Independent Student Newspaper Since 1969

The Badger Herald

Independent Student Newspaper Since 1969

The Badger Herald

Independent Student Newspaper Since 1969

The Badger Herald


Wisconsin Jobs worthwhile, but don’t count on Congress

State Rep. Cory Mason, D-Racine, recently proposed a bill to fix what has become our gravest national and state issue: skyrocketing unemployment.

On Sept. 8, Mason introduced The Wisconsin Jobs Initiative to the state Assembly, legislation he claims in a press release, “will help pay for a jobs program that will train [and] educate 40,000 Wisconsin workers.”

The plan would be funded with a 1 percent income tax increase on individuals making $1 million or more a year, which would generate about $145 million, Mason said.


Furthermore, a bill pending in the U.S. Congress would provide at least $135 million in matching funds, according to Mason. The federal portion is part of a bill President Obama proposed in mid-July, called the American Graduation Initiative, currently working its way through Congress.

Mason says he wants to see The Wisconsin Jobs Initiative passed this fall so Wisconsin can quickly access that money when federal legislation is passed.

On Tuesday, the Center on Wisconsin Strategy — a University of Wisconsin-based nonprofit organization — released a report revealing the bleak job market in Wisconsin. The report reveals Wisconsin’s unemployment rate has skyrocketed to 9 percent.

The initiative, then, could not be timelier. But while timely, the bill has a couple major flaws.

Problem one: Mason is banking on Congress passing Obama’s American Graduate Initiative, even though the outcome of that vote is still uncertain.

Obama says his initiative will pump $12 billion into community colleges nationwide and add five million new graduates by 2020. He also says his program would offer both training to millions of students who cannot afford four-year universities and opportunity to older workers who need new skills.

It’s a great plan. But once our country’s talk-a-big-game-but-do-nothing Congress gets involved with big issues, all progress halts. The old adage rings true: “All great ideas die on Capitol Hill.”

Members of the U.S. Congress are notorious for bickering back and forth, holding vitriolic press conferences and lashing out at one another through press releases. But at the end of the day, when it comes to helping those in need and being statesmen, Congress fails the citizens of this country repetitively.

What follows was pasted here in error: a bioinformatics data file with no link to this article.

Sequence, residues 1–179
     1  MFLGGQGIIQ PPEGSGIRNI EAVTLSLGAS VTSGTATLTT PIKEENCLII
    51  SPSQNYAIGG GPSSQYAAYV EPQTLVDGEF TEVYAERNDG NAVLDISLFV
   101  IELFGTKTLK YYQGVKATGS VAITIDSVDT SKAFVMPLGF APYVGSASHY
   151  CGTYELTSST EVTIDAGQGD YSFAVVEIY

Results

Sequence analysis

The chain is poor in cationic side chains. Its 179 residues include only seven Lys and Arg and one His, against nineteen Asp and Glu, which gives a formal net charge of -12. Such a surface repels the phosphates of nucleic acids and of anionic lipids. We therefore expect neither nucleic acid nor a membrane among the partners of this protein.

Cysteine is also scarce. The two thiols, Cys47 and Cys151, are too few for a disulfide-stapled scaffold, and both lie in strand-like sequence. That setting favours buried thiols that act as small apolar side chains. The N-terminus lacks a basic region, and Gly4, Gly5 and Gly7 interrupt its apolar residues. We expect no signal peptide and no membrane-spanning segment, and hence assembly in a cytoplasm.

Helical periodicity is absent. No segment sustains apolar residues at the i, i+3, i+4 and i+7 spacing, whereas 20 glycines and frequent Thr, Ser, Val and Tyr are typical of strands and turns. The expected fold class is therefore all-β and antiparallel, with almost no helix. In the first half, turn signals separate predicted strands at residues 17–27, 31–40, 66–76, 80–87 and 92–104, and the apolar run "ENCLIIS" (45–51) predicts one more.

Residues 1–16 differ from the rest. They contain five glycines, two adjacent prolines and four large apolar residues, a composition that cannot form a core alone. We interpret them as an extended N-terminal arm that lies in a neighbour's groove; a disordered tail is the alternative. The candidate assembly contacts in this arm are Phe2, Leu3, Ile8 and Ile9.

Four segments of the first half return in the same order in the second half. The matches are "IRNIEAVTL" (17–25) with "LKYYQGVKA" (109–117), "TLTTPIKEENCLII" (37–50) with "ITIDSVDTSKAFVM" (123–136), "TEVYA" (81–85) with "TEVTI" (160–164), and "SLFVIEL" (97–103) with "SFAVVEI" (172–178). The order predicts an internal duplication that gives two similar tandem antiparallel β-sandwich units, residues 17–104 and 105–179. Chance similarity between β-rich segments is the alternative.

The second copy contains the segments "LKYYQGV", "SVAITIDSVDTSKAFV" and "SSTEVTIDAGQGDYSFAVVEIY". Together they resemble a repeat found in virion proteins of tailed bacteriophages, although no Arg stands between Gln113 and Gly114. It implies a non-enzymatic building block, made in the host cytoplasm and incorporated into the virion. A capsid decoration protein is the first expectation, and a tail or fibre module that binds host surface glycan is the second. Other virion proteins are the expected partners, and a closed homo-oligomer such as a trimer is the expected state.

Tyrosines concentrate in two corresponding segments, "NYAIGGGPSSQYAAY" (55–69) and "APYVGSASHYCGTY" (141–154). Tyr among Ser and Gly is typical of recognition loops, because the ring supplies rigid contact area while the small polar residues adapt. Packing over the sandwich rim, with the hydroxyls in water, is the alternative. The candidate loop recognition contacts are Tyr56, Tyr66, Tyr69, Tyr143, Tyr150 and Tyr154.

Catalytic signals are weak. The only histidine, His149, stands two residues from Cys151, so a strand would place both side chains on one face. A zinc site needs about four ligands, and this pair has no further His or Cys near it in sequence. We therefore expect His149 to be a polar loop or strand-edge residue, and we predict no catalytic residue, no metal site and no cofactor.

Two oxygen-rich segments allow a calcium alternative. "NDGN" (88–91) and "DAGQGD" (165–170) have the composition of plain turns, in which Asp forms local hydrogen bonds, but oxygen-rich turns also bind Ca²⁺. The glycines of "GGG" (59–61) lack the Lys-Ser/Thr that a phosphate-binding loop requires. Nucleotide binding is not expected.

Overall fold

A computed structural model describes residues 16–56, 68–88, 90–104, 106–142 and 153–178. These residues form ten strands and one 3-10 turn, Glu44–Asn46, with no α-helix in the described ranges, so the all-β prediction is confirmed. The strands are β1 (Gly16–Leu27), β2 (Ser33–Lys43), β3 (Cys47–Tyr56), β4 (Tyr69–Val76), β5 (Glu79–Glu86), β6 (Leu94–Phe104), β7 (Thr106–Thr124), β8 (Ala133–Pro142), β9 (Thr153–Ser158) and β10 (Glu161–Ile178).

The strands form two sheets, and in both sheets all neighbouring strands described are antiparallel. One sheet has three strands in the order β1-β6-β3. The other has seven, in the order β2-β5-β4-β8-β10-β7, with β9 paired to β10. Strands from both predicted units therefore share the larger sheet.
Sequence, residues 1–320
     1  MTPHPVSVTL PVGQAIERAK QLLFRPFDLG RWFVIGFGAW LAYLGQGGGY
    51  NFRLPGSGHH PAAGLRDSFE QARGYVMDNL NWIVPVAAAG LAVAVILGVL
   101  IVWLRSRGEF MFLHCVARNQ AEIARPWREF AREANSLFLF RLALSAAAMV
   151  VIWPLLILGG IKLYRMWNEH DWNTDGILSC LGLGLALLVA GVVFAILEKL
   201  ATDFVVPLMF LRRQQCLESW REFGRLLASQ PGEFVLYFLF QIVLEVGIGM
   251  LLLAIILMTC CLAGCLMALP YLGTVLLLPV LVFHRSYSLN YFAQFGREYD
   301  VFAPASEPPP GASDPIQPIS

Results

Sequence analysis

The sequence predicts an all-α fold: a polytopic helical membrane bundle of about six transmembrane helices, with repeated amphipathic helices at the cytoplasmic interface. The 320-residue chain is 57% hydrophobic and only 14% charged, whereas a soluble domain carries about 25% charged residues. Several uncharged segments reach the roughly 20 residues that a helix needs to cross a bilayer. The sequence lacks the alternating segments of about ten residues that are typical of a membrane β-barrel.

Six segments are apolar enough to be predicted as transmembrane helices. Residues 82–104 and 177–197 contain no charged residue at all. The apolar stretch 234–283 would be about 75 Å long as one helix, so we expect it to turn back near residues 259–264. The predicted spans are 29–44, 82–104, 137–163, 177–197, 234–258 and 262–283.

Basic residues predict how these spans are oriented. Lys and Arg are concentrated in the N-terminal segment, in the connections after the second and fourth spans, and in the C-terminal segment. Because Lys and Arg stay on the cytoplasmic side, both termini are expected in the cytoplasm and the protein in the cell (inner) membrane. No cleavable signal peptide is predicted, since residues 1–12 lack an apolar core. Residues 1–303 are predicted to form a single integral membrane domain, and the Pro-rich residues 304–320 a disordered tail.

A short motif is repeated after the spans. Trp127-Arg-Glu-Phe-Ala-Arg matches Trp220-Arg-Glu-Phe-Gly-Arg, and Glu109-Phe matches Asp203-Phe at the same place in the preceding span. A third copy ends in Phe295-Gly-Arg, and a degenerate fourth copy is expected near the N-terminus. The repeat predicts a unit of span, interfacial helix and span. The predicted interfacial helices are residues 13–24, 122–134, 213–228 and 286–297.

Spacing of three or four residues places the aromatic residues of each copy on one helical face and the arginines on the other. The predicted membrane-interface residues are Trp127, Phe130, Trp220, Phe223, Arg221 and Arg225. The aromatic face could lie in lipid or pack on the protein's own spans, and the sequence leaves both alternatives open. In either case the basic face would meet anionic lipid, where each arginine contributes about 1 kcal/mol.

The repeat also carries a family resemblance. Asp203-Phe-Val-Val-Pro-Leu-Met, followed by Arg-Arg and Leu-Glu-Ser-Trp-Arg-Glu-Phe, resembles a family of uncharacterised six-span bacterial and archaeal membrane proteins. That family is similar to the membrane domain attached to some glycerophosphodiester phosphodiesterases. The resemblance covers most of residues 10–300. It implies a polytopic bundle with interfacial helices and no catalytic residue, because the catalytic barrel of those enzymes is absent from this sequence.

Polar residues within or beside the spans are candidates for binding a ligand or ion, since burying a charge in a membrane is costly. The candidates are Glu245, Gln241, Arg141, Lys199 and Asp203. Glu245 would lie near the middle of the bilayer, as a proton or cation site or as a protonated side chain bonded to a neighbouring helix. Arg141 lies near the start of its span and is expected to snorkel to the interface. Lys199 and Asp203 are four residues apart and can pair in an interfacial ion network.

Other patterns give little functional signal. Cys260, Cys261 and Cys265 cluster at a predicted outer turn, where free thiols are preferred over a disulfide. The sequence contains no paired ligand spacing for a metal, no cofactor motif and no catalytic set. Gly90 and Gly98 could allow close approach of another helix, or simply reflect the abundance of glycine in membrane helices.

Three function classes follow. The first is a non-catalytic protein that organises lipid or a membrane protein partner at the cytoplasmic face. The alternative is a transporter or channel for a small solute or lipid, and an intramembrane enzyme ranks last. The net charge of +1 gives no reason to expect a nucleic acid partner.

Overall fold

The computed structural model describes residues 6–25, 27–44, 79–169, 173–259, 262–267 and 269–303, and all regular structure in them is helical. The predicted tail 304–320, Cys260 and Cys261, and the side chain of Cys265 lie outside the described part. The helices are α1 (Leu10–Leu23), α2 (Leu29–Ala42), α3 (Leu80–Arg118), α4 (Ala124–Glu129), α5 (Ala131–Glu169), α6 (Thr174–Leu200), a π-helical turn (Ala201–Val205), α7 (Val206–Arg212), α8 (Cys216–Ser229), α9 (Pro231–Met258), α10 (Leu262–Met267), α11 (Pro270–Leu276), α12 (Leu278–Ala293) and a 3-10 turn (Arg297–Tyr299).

Just look at the health care quagmire. Or electric cars. Or perpetually funding two failed wars. Or building high-speed rail lines. The list goes on and on. Put Congress in charge of passing worthwhile legislation and they will somehow screw things up.

Based on how things work in Congress, the passing of Obama’s American Graduate Initiative is far from a slam dunk, no matter how much merit the initiative has. In fact, based on the bitter partisan deliberations that have taken place this year, and particularly this summer on Capitol Hill, I’m not even sure it’s a fade-away jumper over Yao Ming.

And because of this, Mason is hoping and praying Congress does the right thing, because his

legislation is sunk if it doesn’t.

Assembly Minority Leader Jeff Fitzgerald, R-Horicon, hammered this point in a recent statement: “Crafting a plan that raises taxes and requires action from our dysfunctional U.S. Congress is misguided.”

Problem two: Where will the jobs come from? Will they be created out of thin air? Mason fails to explain how 40,000 jobs will magically appear. Mason owes the Wisconsin citizenry an explanation. Far too much money is involved.

I’m all for taxing the rich if the money will be redistributed in an intelligent way, but Mason fails to explain how rounding up the rich’s tax dollars will engender jobs in this time of economic peril. And until he does so, increased taxation of the wealthy — or anyone for that matter — cannot possibly be justified.

So, kudos to Mason for a worthy effort in tackling a pressing issue. It’s far better to propose a solution and bring a crucial statewide conversation to the Assembly than to sit back and watch the shit hit the fan while Wisconsin’s job market plummets and the economy unravels.

Yet, a more detailed and nuanced proposal — particularly one not reliant on our abysmal Congress first passing legislation before the real benefits kick in — would mean more than simply having a sympathetic legislator in the Assembly.

The Wisconsin Jobs Initiative is a great step in the right direction. Now it’s time for Mason’s colleagues to collaborate and craft something even better.

Steve Horn ([email protected]) is a junior majoring in political science and legal studies.

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